By Sandee Alonzo
Few know, I got scammed this year.
Save you the details. I lost the bulk of my savings and was living on a precious little that’s being depleted every month until now. At first, I was in denial. Late at night, I would get flashbacks of everything my scammer promised, feeling nothing but deep regret and resentment over my situation. “I wish I used my money in a better way. Why did it have to be me?,” I wondered.
I was in denial. Late at night, I would get flashbacks of everything my scammer promised…
He wants our all
Then, I felt very embarrassed that I couldn’t give money to the church. But one priest’s homily reminded me that God doesn’t want our money; He wants our everything. So I tried to do that, as limited as I am, and looked for every opportunity to scrape together what I could still give. And that’s how I found the AJ Kalinga Center. For several weekends, I’d volunteer to help give free meals and showers to the homeless. Bonus was the free lunch!
It turns out that while God wants our everything, He doesn’t necessarily take all. From volunteering, the homeless have taught me a great lesson on poverty.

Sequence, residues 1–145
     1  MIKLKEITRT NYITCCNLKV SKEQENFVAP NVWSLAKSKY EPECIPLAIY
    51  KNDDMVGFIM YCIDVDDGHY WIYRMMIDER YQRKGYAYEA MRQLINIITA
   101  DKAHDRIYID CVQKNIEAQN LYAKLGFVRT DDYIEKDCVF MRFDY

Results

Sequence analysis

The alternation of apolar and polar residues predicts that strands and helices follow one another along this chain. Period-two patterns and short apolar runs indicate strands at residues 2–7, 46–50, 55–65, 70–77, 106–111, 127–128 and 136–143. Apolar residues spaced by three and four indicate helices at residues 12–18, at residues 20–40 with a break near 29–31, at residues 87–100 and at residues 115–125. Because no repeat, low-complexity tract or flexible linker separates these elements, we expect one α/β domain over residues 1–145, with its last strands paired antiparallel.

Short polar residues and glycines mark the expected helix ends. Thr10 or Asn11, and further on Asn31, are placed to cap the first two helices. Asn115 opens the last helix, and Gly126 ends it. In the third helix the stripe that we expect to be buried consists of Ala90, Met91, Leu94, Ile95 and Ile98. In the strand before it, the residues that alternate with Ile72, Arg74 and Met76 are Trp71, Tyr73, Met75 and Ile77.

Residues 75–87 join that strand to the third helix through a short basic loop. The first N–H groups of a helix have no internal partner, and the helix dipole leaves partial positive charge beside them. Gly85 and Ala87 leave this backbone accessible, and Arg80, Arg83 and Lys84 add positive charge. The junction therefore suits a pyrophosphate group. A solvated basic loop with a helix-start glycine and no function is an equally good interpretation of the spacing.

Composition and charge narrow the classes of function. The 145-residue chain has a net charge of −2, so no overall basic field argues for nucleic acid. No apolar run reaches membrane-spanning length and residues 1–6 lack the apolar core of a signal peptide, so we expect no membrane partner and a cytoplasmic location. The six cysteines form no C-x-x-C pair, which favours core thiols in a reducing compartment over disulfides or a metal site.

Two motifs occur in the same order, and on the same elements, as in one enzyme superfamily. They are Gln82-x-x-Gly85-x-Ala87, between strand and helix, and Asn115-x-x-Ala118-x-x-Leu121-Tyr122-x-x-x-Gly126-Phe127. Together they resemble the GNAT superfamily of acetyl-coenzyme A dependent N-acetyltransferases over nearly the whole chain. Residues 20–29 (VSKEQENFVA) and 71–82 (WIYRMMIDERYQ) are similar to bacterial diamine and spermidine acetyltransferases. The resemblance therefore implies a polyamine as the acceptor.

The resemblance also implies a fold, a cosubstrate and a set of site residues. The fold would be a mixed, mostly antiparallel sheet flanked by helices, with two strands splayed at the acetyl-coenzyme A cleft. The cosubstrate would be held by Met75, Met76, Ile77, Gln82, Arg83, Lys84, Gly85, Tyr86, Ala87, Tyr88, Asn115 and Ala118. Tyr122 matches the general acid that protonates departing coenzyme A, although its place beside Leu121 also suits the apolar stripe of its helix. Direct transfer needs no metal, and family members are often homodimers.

Blessed are the poor
I’ve encountered different sorts of people this year. People from well-off families, the average working middle class, and the unemployed homeless poor. Who among them are the most blessed? It’s the poor. With nothing, they literally live off God’s providence daily. Can you imagine not having a stable job and still survive? That’s them.
And that should be us too. But don’t get me wrong! I’m not glorifying being unemployed and homeless. It’s people living like the poor—completely dependent on God for everything —who are the most blessed.
In a real way, this was also how the Holy Family lived on the night Jesus was born 2000+ years ago. They were so immensely blessed that the whole world felt it, and we still do!
I sometimes imagine an alternative reality where I didn’t get scammed and lose my money. Would I be as joyful as I am now? Probably not. ∎